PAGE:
‐ I often find myself getting lost in my thoughts during the day
‐ I feel emotions more deeply than most people
‐ I have a vivid imagination
‐ When I wake up from a vivid dream, it takes me a few seconds to return to reality
‐ When reading, I enjoy it when the writer takes a sidetrack to say something beautiful or meaningful
‐ I am very empathetic
Total of your answers for Scale 1 and put it at right:
This is how much you have of the Explorer personality type.
Total of your answers for Scale 2 and put it at right:
This is how much you have of the Builder personality type.
Total of your answers for Scale 3 and put it at right:
This is how much you have of the Director personality type.
Total of your answers for Scale 4 and put it at right:
This is how much you have of the Negotiator personality type.
Identify your highest and second highest totals as your “primary” and “secondary” personality types, respectively.
Description: Explorers crave adventure and are willing to take risks. Highly curious, creative, energetic, spontaneous, they have many interests—from hiking and spelunking to theater and reading.
Famous examples: John F. Kennedy, Princess Diana, Angelina Jolie.
Under the influence: The Explorer's behavior is largely affected by the brain chemical dopamine, which is a key player in our experience of pleasure and novelty.
Longs for: A playmate.
Bonds well with: Other Explorers.
If you are an Explorer: My advice is to go slowly. Because you are so impulsive, you can get romantically involved too fast. Moreover, because you hate confrontation, you risk bolting from a relationship that could prove fantastic. If you find someone you are genuinely interested in, check your inclination to go out with others, and focus your energy on him or her.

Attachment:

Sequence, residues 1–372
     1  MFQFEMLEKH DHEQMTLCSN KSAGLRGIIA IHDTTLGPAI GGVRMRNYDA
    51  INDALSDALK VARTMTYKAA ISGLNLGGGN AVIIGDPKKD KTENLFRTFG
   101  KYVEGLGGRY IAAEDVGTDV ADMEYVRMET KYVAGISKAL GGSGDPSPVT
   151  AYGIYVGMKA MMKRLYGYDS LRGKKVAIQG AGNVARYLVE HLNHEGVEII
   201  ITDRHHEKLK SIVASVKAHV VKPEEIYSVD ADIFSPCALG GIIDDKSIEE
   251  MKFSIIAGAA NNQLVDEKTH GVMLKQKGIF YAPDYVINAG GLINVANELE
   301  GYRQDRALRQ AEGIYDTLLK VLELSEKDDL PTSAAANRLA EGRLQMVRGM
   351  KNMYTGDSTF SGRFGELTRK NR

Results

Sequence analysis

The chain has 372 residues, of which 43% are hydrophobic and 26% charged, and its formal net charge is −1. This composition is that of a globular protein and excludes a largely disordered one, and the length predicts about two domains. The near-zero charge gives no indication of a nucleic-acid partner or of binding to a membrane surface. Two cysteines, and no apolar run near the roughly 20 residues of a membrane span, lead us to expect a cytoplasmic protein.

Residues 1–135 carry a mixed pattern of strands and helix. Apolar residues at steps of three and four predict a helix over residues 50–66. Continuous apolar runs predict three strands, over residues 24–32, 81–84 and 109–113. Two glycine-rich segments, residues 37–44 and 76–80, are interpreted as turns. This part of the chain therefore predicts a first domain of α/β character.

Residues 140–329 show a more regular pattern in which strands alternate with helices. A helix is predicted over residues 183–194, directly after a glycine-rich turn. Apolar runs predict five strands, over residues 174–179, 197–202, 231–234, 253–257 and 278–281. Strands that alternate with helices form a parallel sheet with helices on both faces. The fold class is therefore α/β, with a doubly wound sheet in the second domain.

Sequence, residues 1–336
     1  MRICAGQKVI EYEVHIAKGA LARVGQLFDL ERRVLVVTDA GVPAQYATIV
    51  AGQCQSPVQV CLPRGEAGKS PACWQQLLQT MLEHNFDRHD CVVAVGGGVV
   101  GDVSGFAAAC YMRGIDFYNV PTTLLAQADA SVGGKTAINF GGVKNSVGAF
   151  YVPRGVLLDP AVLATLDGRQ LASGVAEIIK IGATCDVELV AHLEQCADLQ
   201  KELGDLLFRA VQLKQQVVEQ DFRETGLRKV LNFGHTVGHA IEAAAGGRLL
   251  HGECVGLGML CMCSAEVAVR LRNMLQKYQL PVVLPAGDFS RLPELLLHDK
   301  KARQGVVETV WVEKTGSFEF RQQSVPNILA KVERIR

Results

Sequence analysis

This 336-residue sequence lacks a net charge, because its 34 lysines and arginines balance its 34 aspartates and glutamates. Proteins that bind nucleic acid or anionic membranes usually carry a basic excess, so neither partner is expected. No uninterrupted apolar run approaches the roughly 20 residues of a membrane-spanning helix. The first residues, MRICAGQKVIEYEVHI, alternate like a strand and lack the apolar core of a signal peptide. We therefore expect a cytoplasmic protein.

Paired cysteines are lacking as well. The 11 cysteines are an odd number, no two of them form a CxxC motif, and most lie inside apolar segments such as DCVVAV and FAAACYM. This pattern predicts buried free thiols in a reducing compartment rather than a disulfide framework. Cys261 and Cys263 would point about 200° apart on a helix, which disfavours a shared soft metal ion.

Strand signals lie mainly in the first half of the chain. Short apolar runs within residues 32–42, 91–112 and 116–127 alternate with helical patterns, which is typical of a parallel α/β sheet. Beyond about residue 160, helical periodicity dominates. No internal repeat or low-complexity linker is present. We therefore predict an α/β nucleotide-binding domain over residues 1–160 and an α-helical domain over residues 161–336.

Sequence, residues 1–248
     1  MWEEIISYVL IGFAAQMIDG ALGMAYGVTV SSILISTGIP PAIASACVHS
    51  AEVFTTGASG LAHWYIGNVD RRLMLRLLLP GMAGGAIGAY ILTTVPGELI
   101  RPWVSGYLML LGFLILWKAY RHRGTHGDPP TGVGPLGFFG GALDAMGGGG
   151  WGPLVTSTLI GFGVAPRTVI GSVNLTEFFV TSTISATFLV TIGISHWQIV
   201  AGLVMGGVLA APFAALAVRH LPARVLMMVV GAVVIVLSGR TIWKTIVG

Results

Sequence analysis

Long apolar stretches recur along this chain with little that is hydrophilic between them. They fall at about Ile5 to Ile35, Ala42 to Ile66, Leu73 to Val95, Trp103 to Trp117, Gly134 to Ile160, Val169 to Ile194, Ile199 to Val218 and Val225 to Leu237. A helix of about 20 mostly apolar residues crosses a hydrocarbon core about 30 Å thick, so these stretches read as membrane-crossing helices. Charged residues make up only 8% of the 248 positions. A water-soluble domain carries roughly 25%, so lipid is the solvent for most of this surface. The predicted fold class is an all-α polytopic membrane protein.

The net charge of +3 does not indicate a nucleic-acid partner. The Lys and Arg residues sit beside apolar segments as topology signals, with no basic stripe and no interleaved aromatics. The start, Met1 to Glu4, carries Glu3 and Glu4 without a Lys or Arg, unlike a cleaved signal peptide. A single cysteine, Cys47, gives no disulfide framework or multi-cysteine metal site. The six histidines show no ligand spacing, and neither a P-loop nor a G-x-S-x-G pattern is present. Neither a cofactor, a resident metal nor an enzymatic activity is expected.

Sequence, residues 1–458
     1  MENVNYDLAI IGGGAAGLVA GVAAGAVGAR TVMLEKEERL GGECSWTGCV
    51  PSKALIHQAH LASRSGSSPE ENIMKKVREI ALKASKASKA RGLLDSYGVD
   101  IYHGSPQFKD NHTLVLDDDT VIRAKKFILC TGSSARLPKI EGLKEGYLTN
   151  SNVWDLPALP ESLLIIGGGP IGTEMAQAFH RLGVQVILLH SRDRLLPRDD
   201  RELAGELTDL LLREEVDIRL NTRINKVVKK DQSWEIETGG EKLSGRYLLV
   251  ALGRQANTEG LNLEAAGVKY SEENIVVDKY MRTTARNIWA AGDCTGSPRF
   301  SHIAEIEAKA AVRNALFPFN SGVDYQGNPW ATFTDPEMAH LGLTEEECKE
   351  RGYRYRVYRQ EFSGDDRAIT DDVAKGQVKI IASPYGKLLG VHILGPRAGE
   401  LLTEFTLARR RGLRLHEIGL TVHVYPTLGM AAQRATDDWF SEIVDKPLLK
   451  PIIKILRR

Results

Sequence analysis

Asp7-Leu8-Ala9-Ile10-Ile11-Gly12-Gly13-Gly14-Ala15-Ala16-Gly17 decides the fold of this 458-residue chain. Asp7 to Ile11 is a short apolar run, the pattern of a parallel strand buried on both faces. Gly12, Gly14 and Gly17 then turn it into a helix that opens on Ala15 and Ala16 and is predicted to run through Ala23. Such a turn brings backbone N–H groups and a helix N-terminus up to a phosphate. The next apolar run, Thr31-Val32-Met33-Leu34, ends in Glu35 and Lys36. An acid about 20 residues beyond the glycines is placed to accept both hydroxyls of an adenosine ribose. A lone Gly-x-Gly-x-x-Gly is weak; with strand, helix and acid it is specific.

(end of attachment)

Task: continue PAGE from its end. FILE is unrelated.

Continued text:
If you are dating one: Be prepared to live this romance one day at a time. Remain flexible, and know that for your partner, "dullness is a misdemeanor," as novelist Ethel Wilson astutely put it.
Description: Typically conventional, these women and men are honorable and loyal; cautious without being afraid; calm; social; popular; and good at managing people, networking, and building family and community. Drawn to schedules and rules, they are also detail oriented, thorough, conscientious, and dependable.
Famous examples: George Washington, Colin Powell, Tiger Woods, Jennifer Aniston, Queen Elizabeth.
Under the influence: The defining neurochemical in Builders is serotonin, which modulates moods like aggression, anger, and calm.
Longs for: A helpmate.
Bonds well with: Other Builders.
If you are a Builder: Don't let your taste for plans and schedules get in the way of trying new things on a date, unless you are going out with another Builder. Brag a little (Builders can be too modest) and, despite your love of socializing with the gang, take some time to be alone with your romantic interest. Your tendency to be protective will be appreciated, but make sure you do not appear controlling.
If you are dating one: Remember that Builders like to be concrete and to revel in the details. They are attracted to others who are orderly and calm so when you make plans, stick to them. According to the research, Builders are the most likely to seek a lifelong partner.
Description: "One ought to hold on to one's heart; for if one lets it go, one soon loses control of the head, too." So wrote Nietzsche, and if you are a Director, you will relate. Directors are analytical and logical, straightforward, decisive, tough minded, focused, and good at rule-based and spatial skills like mechanics, math, and music. They also tend to be ambitious and competitive, as well as emotionally contained, even aloof. Yet these are the men and women who rush into a burning building to save a stranger.